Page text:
The large population and growing economy of India has in recent years become increasingly important for thw world economy as well as for the aviation industry. Indian expats around the world and especially in the United States have become important passenger flows for large airline hubs in the Middle East and Asia. However, the question has for long been when there will be more direct flights from India to distant destinations – and when this happens, what will then happen to the big hubs who have benefitted from the growing passenger flows in and out from India?
A recent article in Times of India (link below) has brought up this issue. This time it is related to the airline Vistara, a joint venture between Tata and Singapore Airlines. The airline has announced that it may adapt a few of its remaining B787s on order for direct flights to North America. At this point it is only Air India that performs direct flights to the U.S. and the old “Maharaja” (the name of the mascot for Air India) has been in a problematic state for many years. The Indian government has in recent years tried to find a buyer for the airline, but there has been no bidders (among other reasons this has been due to that a deal has included taking over the airlines debt, required protections for staff etc.).
Acoording to the article the market has changed partly due to COVID-19, which has prompted a need for direct flights rather than via hubs that may complicate transfers and require extra doumentation. This may coincide with a growing demand for direct flights on the Indian market and airlines in India will surely see opportunity in trying to meet this demand. As of last year Air India operated eight flights from India to the US (5 from Delhi, 2 from Mumbai and 1 from Bangalore), United operated two flights and Delta one. As the industry will return to growth when the pandemic fades away there certainly seem to be room for more airlines to compete on this market, especially given that there is no competition from any other Indian airline in the current setup.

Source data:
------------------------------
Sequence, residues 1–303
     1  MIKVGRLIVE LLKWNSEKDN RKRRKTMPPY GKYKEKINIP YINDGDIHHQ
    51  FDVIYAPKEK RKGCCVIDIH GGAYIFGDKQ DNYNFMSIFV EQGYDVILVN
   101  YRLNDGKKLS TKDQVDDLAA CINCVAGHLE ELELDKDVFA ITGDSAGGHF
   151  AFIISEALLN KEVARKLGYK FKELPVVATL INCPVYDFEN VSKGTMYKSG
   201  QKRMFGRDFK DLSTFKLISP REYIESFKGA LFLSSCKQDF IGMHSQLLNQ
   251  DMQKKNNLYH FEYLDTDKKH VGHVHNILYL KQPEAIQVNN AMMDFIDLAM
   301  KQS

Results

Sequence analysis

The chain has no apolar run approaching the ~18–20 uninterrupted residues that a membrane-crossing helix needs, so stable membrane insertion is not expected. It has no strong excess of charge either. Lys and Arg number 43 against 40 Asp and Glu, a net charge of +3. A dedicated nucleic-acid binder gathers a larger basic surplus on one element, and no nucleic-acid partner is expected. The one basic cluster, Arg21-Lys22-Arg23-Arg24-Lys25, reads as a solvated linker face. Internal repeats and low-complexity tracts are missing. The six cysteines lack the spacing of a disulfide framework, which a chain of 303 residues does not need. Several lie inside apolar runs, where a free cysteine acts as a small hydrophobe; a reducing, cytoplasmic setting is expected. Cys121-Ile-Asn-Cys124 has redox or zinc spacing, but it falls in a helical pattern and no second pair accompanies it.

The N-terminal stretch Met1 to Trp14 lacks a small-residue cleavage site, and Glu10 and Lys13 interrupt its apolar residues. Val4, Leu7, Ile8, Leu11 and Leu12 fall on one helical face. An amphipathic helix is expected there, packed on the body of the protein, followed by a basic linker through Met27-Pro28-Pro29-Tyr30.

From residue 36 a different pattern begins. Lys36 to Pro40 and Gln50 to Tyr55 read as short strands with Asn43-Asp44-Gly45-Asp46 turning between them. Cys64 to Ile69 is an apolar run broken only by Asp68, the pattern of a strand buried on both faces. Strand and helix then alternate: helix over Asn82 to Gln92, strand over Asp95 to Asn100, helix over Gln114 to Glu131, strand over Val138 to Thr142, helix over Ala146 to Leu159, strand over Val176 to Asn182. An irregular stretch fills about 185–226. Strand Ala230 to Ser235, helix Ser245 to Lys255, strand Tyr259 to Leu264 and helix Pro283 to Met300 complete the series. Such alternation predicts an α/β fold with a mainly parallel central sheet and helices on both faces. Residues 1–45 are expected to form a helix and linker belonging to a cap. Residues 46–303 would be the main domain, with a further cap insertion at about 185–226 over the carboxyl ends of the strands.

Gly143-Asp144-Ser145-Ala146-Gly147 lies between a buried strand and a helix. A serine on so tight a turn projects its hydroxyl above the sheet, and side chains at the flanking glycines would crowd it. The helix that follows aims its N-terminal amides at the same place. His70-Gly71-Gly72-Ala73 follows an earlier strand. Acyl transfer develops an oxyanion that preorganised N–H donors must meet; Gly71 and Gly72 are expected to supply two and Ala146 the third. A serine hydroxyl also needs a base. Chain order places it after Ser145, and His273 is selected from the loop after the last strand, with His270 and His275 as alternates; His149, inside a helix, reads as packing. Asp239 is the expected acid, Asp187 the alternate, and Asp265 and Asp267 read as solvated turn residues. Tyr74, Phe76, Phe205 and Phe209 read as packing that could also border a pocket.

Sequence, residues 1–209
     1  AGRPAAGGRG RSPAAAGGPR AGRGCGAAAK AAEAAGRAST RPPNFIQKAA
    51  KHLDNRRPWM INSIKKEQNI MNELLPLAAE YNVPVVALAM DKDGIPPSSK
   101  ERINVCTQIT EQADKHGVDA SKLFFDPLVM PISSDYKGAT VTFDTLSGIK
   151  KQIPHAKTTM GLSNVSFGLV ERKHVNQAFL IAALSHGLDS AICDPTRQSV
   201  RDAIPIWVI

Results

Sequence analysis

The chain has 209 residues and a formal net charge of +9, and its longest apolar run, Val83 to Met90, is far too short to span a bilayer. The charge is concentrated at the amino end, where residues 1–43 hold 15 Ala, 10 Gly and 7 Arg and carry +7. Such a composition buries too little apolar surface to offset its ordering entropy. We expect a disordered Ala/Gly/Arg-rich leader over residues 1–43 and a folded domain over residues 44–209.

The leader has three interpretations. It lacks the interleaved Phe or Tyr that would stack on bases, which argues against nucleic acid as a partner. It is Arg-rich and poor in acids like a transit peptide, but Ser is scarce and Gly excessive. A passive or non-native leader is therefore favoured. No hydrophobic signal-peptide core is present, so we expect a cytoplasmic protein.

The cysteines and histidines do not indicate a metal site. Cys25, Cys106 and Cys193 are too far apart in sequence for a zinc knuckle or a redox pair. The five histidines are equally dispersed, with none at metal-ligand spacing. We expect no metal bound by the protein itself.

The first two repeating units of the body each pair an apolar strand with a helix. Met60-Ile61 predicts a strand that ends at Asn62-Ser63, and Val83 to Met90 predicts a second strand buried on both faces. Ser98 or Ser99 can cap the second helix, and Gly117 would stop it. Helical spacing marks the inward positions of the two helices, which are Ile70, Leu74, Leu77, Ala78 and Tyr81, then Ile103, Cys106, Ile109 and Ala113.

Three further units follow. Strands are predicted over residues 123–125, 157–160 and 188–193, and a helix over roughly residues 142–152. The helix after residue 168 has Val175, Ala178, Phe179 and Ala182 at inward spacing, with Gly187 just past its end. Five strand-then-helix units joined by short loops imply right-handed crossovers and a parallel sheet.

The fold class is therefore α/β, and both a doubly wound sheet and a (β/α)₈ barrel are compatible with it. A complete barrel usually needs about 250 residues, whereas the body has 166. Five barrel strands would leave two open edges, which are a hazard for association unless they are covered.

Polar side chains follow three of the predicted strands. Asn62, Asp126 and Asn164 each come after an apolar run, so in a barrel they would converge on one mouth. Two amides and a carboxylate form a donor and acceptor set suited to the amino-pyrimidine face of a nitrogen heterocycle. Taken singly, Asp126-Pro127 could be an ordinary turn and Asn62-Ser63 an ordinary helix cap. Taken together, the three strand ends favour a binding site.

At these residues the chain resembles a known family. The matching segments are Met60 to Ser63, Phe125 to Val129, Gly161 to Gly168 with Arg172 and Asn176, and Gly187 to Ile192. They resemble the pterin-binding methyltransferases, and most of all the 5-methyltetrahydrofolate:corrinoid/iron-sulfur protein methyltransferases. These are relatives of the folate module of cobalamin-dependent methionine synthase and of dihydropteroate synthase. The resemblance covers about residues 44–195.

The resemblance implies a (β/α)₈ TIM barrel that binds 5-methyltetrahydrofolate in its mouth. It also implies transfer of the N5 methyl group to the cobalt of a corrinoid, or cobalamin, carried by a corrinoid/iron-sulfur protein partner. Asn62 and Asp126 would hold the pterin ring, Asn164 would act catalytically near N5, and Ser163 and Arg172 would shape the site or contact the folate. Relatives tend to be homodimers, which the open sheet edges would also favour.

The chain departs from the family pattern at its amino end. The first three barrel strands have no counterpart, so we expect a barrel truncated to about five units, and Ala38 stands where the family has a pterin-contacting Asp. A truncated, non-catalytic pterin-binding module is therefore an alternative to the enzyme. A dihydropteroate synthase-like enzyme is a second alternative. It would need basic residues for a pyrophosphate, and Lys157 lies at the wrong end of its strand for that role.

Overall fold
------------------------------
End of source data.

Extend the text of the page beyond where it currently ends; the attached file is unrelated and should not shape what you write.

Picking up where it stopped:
All of this may be the start of a trend that will grow in coming years. Countries in Asia with a growing economy and a developing airline industry may see passenger flows that support direct flights to more far away destinations. Another current example is Bamboo Airways aiming to fly direct between Vietnam and Europe with a long haul – low cost offering (link). The question will however remain if there will be airlines that can capitalise on this by offering a competitive experience in terms of aircraft, service and price. Although many passengers may prefer direct flights these may always be limited to a few major destinations. The competitive advantages of the large hubs may thus still provide an attractive option. The development in India can point towards where this specific aspect of the battle between hubs and point-to-point will go in times ahead.